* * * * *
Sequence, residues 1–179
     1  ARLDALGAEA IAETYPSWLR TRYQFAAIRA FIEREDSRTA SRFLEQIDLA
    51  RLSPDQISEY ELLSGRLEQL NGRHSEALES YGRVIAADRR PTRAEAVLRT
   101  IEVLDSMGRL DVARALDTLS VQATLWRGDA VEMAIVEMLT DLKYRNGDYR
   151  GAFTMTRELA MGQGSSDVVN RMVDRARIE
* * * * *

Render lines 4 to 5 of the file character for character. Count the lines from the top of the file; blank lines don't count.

   101  IEVLDSMGRL DVARALDTLS VQATLWRGDA VEMAIVEMLT DLKYRNGDYR
   151  GAFTMTRELA MGQGSSDVVN RMVDRARIE